Stick figures of Chloe, Andrew and Henderson with their camper parked in front of Blue Mountain beside the Susquehanna River. Playful Curiosity.

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Exterior - New windows and Siding
(July-October, 2012)

This was a tough decision for us. Technically the siding was not flood damaged - minus some dents where floating logs hit it and a ton of mud.

BUT since we had to raise the house we would have had big holes in our siding from where ripped off the carport, back porch, chimney and the laundry room addition. We could have patched it but aluminum siding is expensive, the old stuff was beaten up and the whole thing would have looked like a patchwork quilt.

Cody drilling holes in the beam to attach the deck.
Siding off. Cody drilling holes in the beam to attach the deck.

Then you add in the window dilemma. When we first bought the place we couldn't afford windows even though a couple needed to be replaced. By the time the flood hit, a couple of the windows were toast.

One window was leaking, another was fogging in between the panes, three were super old single pane wood casing windows. Again we could have replaced just the ones that were the worst off but WHY?

The others were all old. The siding is off, the drywall is off. It would cost so much more to put a window in after the siding and drywall were up and of course it could end up looking stupid if the window isn't the same size.

New 7 ft x 4 ft windows.
The big living room windows

Various windows including a 4 ft x 4 ft window.
The new bedroom windows. Moving from two small windows to one big 6 ft by 3 ft window.

Various windows.
More windows.

So we bit the bullet and decided to replace all the windows. We've come so far with everything else. And then there's the soundproofing and energy efficiency factors. Not to mention tax rebates for energy efficient windows.

I bought the best I could afford. That's my general policy. Buy cheap = replace twice, repair frequently and hate using it. Buy the best you can and you just smile, smile, smile. Besides with windows energy savings play a big role. Spend more now - save way more over the life of the window.

I bought Jeld-Wen. The gigantor living room windows (7 ft x 4 ft) only came in side slide so I bought all side slide opening windows and everything would match.

We also bought dark brown outside/white inside windows. A design choice. We thought it would look much better against the faux wood fiber cement siding. We were also told it was only $20 more per window. By the time we found out the truth ($80 per) we were so sold on the idea we didn't want to change. Fortunately, Lowes was offering a $600 merchandise card with the purchase of special order windows so it almost worked out even.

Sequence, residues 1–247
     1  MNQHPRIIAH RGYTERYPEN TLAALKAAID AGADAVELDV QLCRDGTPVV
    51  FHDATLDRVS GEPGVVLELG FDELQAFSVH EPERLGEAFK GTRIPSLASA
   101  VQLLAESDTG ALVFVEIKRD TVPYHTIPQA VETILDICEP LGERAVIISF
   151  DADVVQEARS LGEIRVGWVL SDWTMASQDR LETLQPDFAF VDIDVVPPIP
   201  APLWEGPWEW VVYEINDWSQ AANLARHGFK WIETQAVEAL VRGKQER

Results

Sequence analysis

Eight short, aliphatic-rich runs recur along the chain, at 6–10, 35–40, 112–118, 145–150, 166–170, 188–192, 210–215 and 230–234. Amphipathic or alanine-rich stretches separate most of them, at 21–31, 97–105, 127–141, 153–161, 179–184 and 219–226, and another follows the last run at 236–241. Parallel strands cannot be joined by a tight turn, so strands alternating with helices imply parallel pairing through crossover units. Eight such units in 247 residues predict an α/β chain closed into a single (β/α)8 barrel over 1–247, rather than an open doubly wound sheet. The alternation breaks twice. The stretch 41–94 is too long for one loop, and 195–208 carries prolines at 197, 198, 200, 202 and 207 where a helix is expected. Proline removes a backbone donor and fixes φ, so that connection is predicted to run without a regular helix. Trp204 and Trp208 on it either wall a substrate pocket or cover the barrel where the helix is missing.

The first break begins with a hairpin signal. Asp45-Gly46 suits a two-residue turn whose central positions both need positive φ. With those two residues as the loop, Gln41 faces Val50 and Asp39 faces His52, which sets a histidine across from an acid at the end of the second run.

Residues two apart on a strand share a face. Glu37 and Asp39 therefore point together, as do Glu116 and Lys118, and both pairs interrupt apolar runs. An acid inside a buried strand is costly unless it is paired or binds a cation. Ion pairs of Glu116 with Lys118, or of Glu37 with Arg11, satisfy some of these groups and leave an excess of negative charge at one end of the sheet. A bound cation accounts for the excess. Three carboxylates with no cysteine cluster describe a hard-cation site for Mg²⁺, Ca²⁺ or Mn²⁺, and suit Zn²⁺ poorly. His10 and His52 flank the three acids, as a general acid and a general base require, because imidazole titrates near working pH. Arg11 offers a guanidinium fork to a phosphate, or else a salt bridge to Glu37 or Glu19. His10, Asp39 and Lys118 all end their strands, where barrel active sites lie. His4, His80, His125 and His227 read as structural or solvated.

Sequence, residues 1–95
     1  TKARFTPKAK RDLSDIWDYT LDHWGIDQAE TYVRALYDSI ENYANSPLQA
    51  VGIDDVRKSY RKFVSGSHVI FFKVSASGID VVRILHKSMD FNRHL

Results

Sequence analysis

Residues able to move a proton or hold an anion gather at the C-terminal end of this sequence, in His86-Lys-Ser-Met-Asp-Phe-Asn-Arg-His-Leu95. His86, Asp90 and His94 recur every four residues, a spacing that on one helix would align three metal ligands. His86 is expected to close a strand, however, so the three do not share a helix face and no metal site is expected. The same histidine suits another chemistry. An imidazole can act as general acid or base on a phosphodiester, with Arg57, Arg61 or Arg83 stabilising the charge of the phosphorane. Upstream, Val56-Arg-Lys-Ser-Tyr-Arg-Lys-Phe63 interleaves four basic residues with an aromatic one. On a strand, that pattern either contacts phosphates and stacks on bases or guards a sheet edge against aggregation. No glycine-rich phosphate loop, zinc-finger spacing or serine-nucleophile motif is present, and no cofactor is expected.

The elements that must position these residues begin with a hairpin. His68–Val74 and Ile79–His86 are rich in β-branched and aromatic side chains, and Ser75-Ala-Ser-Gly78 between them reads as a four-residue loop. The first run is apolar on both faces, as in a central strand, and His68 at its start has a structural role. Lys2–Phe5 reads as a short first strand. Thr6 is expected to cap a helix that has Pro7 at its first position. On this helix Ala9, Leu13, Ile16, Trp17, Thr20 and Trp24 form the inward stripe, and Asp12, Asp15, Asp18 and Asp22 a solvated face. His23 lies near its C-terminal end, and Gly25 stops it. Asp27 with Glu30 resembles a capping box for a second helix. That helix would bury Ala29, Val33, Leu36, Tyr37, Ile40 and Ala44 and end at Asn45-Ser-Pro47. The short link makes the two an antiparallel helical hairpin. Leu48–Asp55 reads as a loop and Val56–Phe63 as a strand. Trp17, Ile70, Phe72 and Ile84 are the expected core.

Side of the house with the siding off.
Siding off.

Siding off. Pump jacks installed
They had the siding off in one day. Three months later and they still hadn't finished the job.

New sheeting on the addition.
New sheeting.

The addition was an old porch which had this spongy fiberboard they used to use as roofing underlayment. It was water damaged and you could pushed through it just by leaning on it. I'm sure of this because the siding guys did just that to get into my house and get materials when I wasn't there.

We replaced all the sheeting on the old porch and patched the old slatboard where it was rotten or missing. The contract specified that they were to patch all holes and missing wood. They didn't and we had to do a couple from the inside. The front of the house was the worst. Water had been running down from the road.

Tyvek on.  Aluminum flashing bent.
Tyvek on. Aluminum flashing bent and on. That was a challenge since the house wasn't square parts of the house were recessed and needed intricate bends.

I'll admit (and frequently do) that I've never really liked the outside of my house. We wanted to do new siding when we first got it but just didn't have the money. The old Aluminum was beat up, dented, wavy, ill-fitting. The paint bubbled and got really dull, really quick.

Tip: Don't use a semi-gloss near a railroad and river. You need the gloss to seal it or the paint looks dirty and dull in no time.

We really like the look of wood but over the years we learned what wood siding takes to keep looking good. So we went looking for anything other than vinyl (hate it), aluminum (expensive and transmits sound like a drum head) or wood (expensive and high maintainance)..